In This Episode

There’s little doubt that one topic dominated financial headlines in the first half of 2018…and it took most investors by complete surprise. Trump’s trade wars are only being eclipsed (temporarily) by the drama swirling around the soon-to-be vacant Supreme Court seat, and what a solidified conservative majority on the highest Court will mean for America.

In fact, our friends hosting Stansberry’s sister podcast, MarketCast, Scott Garliss, Greg Diamond, and John Gillin are even going so far as to say that they “can’t recall a time when politics has been more important for markets.”

This week, our very own co-host Buck Sexton joined the team at MarketCast to share his insights on how, exactly, America’s political equilibrium is shaping markets.

Listen here to hear Buck make sense of China’s game plan for a trade war. As a former intelligence officer at the CIA, he has some insights as to just how much punishment Beijing is willing to take.
Also – you won’t want to miss the proof he’s uncovered in equity markets’ behavior that reflects the surprisingly strong hand Trump is holding in his just-launched trade war.

And with politics ruling the day for now, we’ve pulled together a “Stansberry July Fourth Special” for listeners to check in on a political exile we haven’t heard from in a while – none other than the second person the Stansberry Investor Hour team interviewed, Wikileaks’ besieged founder Julian Assange.

His once-prolific Twitter handle has been silenced since Ecuador cut off his Internet access in the embassy he’s been holed up in since 2010. For obvious reasons, he can’t make public statements.
But anyone who followed our interview with Assange last summer could have seen this coming. You’ll recall, he was never even charged with a crime before having to flee.

And with “Russia-gate” still raging, you’ll want a refresher on why Democrats seem so determined to link him with Vladimir Putin, and why Putin himself isn’t doing much to dispel the notion of their supposed partnership. Hint: It has to do with Putin’s very real weakness on the world stage, as he leads an economy the size of South Korea’s.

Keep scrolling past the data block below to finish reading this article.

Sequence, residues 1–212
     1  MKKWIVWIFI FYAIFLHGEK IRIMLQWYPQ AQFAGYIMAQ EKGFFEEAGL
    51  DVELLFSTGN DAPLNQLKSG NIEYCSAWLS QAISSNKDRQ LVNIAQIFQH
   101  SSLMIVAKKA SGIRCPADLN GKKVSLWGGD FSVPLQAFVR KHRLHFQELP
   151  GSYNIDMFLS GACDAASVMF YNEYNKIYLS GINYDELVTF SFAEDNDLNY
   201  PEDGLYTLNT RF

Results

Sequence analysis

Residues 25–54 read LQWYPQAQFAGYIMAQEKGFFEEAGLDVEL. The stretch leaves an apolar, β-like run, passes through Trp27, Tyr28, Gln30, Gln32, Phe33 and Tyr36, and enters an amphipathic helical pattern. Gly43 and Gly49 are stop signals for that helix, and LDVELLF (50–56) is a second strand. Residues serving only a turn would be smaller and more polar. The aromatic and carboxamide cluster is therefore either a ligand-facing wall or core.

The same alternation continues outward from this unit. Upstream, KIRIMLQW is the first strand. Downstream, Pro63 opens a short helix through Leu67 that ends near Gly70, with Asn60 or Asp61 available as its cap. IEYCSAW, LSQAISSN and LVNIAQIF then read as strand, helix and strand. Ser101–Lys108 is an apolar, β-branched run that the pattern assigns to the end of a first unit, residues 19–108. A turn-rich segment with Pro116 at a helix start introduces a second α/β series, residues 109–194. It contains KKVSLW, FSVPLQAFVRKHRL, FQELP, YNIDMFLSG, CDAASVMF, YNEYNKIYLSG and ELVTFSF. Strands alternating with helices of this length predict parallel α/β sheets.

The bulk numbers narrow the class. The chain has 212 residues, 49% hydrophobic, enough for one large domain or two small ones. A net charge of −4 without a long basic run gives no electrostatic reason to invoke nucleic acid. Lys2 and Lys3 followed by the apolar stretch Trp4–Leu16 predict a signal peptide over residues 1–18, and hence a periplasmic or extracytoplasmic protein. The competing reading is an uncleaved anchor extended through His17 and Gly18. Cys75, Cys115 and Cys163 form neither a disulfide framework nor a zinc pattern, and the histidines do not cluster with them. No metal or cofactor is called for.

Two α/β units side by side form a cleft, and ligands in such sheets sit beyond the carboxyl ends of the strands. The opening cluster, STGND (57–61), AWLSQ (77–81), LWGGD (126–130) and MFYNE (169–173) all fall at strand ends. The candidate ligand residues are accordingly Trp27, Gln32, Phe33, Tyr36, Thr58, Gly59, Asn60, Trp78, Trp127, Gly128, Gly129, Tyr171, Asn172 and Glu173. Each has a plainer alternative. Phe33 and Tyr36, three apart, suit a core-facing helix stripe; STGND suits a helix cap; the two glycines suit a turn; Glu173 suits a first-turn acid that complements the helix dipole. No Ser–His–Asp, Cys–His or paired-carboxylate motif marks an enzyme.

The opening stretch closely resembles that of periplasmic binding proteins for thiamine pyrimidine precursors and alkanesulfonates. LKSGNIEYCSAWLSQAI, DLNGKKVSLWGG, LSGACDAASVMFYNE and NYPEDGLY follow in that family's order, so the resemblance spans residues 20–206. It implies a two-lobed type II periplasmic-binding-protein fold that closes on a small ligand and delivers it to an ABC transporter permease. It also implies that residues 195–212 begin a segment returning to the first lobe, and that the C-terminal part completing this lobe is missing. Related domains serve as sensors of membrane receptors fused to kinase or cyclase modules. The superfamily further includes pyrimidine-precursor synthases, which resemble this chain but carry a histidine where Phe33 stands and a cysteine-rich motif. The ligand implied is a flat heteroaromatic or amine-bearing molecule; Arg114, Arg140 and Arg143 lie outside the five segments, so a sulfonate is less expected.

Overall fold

Featured Guests

Doug Casey
Doug Casey
Best-selling author, world-renowned speculator, and libertarian philosopher Doug Casey has garnered a well-earned reputation for his erudite (and often controversial) insights into politics, economics, and investment markets.
Glenn Beck
Glenn Beck
Glenn Beck is a leading American media personality, political commentator, author, and founder of TheBlaze, a multiplatform news and entertainment network available on television, radio, and the internet.
Julian Assange
Julian Assange
Internet activist and editor in chief for WikiLeaks, a controversial, volunteer-driven website that publishes and comments on leaked documents alleging government and corporate misconduct.


Announcer: Broadcasting from Baltimore, Maryland, and New York City, you're listening to the Stansberry Investor Hour.

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Tune in each Thursday on iTunes for the latest episode of the Stansberry Investor Hour. Sign up for the free show archive at Here are the hosts of your show, Buck Sexton and Porter Stansberry.

Buck Sexton: Hey, everybody. Welcome to another episode of the Stansberry Investor Hour, a special Fourth of July week bonanza we have planned for you. Some of the very best interviews we have done on the Investor Hour brought to you in one delicious audible package, which we will be sharing with you shortly. Please don't forget to subscribe to the Stansberry Investor Hour. Go to That's You can get transcripts of the show. You can also make sure that you're up on all the latest that we're doing. We are planning big guests coming up in the rest of the month of July as well as, well, all time going forward. That's the plan at least.

It's been quite a week. No doubt you've seen there's a lot of infighting already among various media factions over who's going to be the next Supreme Court justice now that Kennedy's retiring. That might be a topic we tackle next week. Also got the trade problems posed by tariffs on China to tackle. We've got a lot of things to be thinking about for the weeks ahead, so we're going to be making sure we book some guests who can bring all kinds of insight and also help everybody understand what to do with their investments, make sure we all are figuring out how to protect and make some money.